Rescue crews are searching for dozens of people believed to be missing from a migrant shipwreck off Italy’s southern coast that left at least 62 people dead.
Eighty people survived the sinking off the Calabrian coast, but rescue crews have recovered 62 bodies, including those of several children. Three more bodies were found on Monday.
Dozens more are feared dead given survivor reports that the ship, which set off from Turkey last week, had carried about 170 people.
The beach at Steccato di Cutro, on Calabria’s Ionian coast, was littered with the splintered remains of the ship that broke up in stormy seas on the reefs offshore, as well as the belongings the migrants had brought with them, including a toddler’s tiny pink trainer and a yellow plastic pencil case decorated with pandas.
There were only a few life jackets scattered amid the debris.
The UN and Doctors Without Borders, which had crews on the scene, said many of the victims were Afghans, including members of large families, as well as Pakistanis and Iraqis.
Afghans were the second top nationality to seek asylum in the European Union last year, and have increasingly fled the spiralling security, humanitarian and economic troubles that followed the Taliban takeover in August 2021.
On Monday, two coast guard vessels searched the seas north to south off Steccato di Cutro while a helicopter flew overhead and a four-wheel vehicle patrolled the beach.
A strong wind whipped the seas that still churned up splinters of the ship, petrol tanks, food containers and shoes. A pickup truck came to take away the body of the latest victim.
Firefighters confirmed three more bodies had been recovered Monday morning, but held out little hope for finding survivors.
“I think no, because the sea conditions are too difficult,” said provincial fire commander Roberto Fasano. “But we can never abandon this hope.”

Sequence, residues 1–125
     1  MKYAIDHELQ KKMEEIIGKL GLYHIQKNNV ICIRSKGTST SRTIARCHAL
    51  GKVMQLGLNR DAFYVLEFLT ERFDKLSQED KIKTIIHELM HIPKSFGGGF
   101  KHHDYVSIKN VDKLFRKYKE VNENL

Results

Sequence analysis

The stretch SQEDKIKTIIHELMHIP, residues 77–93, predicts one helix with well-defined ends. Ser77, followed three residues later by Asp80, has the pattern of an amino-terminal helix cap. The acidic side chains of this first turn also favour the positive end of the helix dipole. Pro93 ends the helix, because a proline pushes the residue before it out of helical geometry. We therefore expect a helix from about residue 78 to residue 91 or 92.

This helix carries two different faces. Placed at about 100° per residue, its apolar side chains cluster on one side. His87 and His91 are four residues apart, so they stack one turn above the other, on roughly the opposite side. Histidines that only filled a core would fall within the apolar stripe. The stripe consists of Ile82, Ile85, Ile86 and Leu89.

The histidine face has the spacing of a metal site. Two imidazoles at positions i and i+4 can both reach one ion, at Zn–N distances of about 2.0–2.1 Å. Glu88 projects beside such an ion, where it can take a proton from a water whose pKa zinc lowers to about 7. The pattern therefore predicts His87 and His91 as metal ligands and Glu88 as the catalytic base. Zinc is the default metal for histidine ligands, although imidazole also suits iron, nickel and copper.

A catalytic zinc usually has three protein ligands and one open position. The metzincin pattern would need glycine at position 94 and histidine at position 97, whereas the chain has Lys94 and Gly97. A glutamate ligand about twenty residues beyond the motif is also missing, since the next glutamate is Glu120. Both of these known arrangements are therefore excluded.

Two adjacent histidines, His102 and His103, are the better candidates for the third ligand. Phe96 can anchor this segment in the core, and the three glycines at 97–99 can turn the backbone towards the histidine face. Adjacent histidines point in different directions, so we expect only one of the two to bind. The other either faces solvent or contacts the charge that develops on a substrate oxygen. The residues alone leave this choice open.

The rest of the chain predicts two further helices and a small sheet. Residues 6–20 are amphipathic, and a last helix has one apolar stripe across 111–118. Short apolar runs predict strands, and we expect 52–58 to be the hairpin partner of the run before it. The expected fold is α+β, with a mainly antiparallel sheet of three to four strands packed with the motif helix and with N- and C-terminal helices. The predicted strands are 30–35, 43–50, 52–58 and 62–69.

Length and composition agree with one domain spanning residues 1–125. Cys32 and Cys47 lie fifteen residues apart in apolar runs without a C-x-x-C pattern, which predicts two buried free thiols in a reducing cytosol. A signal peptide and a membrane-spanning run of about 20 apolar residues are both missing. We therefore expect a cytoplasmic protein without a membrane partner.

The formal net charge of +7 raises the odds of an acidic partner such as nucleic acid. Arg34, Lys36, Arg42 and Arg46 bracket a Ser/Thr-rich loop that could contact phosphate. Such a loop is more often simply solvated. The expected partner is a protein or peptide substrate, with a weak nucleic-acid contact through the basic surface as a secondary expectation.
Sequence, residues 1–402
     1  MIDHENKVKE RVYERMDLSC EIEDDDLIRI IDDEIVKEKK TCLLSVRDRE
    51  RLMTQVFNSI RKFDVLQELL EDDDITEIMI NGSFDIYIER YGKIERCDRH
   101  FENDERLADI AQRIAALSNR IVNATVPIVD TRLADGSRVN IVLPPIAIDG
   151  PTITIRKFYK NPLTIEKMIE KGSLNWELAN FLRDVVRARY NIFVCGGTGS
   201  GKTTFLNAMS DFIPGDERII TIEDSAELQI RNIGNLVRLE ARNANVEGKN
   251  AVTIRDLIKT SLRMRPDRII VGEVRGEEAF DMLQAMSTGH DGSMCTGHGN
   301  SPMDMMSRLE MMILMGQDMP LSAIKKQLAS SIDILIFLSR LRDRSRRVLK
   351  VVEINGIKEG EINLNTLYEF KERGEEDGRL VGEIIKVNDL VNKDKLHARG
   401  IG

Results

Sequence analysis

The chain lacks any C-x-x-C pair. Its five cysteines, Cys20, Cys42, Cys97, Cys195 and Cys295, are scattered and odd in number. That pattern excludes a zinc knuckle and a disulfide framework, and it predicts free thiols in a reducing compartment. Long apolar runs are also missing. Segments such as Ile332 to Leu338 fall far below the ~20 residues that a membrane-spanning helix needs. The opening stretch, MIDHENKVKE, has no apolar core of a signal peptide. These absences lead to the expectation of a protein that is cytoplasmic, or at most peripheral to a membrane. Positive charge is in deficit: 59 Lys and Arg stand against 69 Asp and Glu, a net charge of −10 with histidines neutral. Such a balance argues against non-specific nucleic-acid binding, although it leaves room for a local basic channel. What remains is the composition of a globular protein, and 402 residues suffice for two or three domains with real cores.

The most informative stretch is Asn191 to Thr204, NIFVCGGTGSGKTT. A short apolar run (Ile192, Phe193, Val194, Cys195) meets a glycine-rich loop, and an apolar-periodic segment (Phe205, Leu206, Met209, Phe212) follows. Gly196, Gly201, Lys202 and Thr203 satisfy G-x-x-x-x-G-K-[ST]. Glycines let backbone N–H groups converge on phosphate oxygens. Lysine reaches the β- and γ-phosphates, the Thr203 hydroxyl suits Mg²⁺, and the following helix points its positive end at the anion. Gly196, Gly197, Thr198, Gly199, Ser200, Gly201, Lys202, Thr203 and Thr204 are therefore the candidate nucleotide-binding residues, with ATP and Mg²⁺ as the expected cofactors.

Italy’s Sky TG24 said at least three people had been detained on suspicion they helped organize the trip from Izmir, Turkey.
Firefighter Inspector Giuseppe Larosa said what had particularly horrified the first rescue crews who arrived on the scene was how many children had been killed, and that the bodies of the dead had scratches all over them, as if they had tried to hang onto the ship to save themselves.
“It was a chilling scene. Bodies spread out on the beach, so many bodies, so many children,” he said on Monday morning. Mr Larosa said he had focused on the recovery efforts, but he was struck by what he found in the survivors.
“What struck me was their silence,” he said. “Terror in their eyes, but mute. Silent.”
Interior minister Matteo Piantedosi, who has spearheaded Italy’s crackdown on migration, visited the scene on Sunday and met local officials in Crotone. At a news conference, he insisted the solution was to put an end to migrant crossings at their origin.
He said: “I ask myself how it’s possible that these crossings are organised, pushing women and children to make the trips that end up tragically dangerous.”
Italy’s government under Premier Giorgia Meloni has focused on trying to block migrant ships from departing, while discouraging humanitarian rescue teams from operating in the Mediterranean.
Ms Meloni said on Sunday that the government was committed to that policy “above all by insisting on the maximum collaboration with the countries of origin and departure”.
Italy has complained bitterly for years that fellow European Union countries have baulked at taking in migrants, many of whom are aiming to find family or work in northern Europe.
The country is a prime destination, especially for smuggling operations launching boats from Libyan shores.
But Italy is also a destination for people smugglers leaving from Turkey. According to UN figures, arrivals from the Turkish route accounted for 15% of the 105,000 migrants who arrived on Italian shores last year, with nearly half of those fleeing from Afghanistan.
European Commission President Ursula von der Leyen called for a redoubling of efforts to deal with the problem.
“The resulting loss of life of innocent migrants is a tragedy,” she said.
Ms Meloni’s government has concentrated on complicating efforts by humanitarian boats to make multiple rescues in the central Mediterranean by assigning them ports of disembarkation along Italy’s northern coasts.
That means the vessels need more time to return to the sea after bringing migrants aboard and taking them safely to shore.
Humanitarian organisations have lamented that the crackdown also includes an order to the charity boats not to remain at sea after the first rescue operation in hopes of performing other rescues, but to head immediately to their assigned port. Violators face stiff fines and confiscation of rescue vessels.
STV News is now on WhatsApp
Get all the latest news from around the countryFollow STV News
Follow STV News on WhatsApp
Scan the QR code on your mobile device for all the latest news from around the country